Are you looking to start or grow a successful business? If so, you’re in luck. Success seldom comes overnight, but with hard work and these five key steps, you can see rapid success. Plus, we’ll warn you about some of the most common mistakes business owners make so you can avoid them. Keep reading to learn more!
Perception and Awareness
Have you ever seen the video on YouTube where you’re asked to count how many times players pass a basketball? It’s called the Awareness Test.
Regardless of whether you’ve just watched the video for the first time, or you’ve watched it in the past, the takeaway message is the same: if you focus on the details, you might miss the big picture.
As foolish as you might feel failing the test, if you’re asked to complete a similar task in the future, you’ll likely recall this video and remember to keep an eye on all of the details, both big and small, to avoid falling prey to a similar trap.
That is the purpose of this blog post.
Learning through examples may not be as salient as lessons learned through actually making the mistake, which has an emotional sting to it, but you can choose to make them more powerful by thinking about instances in which you’ve already made these mistakes or in which you might make them in the future.
The most powerful lessons are visual lessons whether those be imagined or viewed first hand. Let’s dive in.
1. Forgetting You Have Options
Growth is not the only thing stunted when you refuse to get outside your comfort zone. Many businesses get caught in a trap. When things are running smoothly, and there are no major issues bubbling up to the surface, businesses will nestle in on the arrangements they already have in place.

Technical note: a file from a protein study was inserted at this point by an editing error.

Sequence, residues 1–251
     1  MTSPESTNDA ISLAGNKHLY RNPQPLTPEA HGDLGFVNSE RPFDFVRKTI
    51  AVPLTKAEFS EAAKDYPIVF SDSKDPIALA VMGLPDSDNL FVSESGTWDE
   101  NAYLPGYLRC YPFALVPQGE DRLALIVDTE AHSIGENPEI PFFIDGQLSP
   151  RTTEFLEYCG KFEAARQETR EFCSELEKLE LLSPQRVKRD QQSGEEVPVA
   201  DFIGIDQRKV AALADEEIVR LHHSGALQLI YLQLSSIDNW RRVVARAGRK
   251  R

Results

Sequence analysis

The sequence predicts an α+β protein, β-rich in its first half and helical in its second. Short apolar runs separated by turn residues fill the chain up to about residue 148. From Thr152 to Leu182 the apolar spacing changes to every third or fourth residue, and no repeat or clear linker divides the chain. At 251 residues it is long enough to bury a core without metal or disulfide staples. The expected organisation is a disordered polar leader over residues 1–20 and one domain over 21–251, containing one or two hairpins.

From employees to software application services, businesses become complacent even if the performance they’re paying for is not exactly what they wanted. And, instead of re-assessing those options and exploring new avenues, businesses will keep chugging along, which affects both their bottom line and their year-over-year performance.
Yes, re-negotiating contracts with providers is a hassle. Yes, going through the hiring process is time-consuming. Yes, switching your e-mail platform sounds exhausting. BUT! What if making just one of those changes saved your business a couple thousand dollars? What if making a couple of those changes netted your business an additional $50k in revenue per year?
What if making all of those changes propel your business into the next tier of annual earnings?
Change is uncomfortable, and often a lot of work, but it can pay off tenfold. Businesses that consistently ask, time and time again, “how can I be even better?” always come out ahead.
2. Leading with Fear
It’s easy to fall victim to making decisions that are fear-motivated. Why do you think countdown timers are so effective at making you pull the trigger on an impulse buy? Fear of missing out.
While FOMO is a popular idiom for explaining why people make brash decisions in their personal lives, it can also drive the important decisions individuals make when operating or owning their business.
Fear can make leaders pull the trigger on bad deals, unnecessary spending, and allocating human resources in all the wrong areas. Enough poor decisions driven by fear can lead to lost revenue or, more importantly, lost time.
So how do business owners and individuals in decision-maker positions avoid leading with fear?
The best approach to erasing fear is multi-layered. First, before you pull the trigger on any major investment, regardless of the resource, do some due diligence. Research your options. Google some basic ideas you have. Get more than one quote or bid. Decide whether you can expand your current roles and resources to encompass this new area to avoid hiring additional help.
Ever buy an item at full price only to find it a week or so later on sale? Buyer’s remorse can happen for businesses too. Like when you pay for independent contractors that don’t do a good job, when you hire the friend’s cousin’s boyfriend as a favor, and when a big customer pressures you into biting off more than you can chew on a project — setting you up for failure.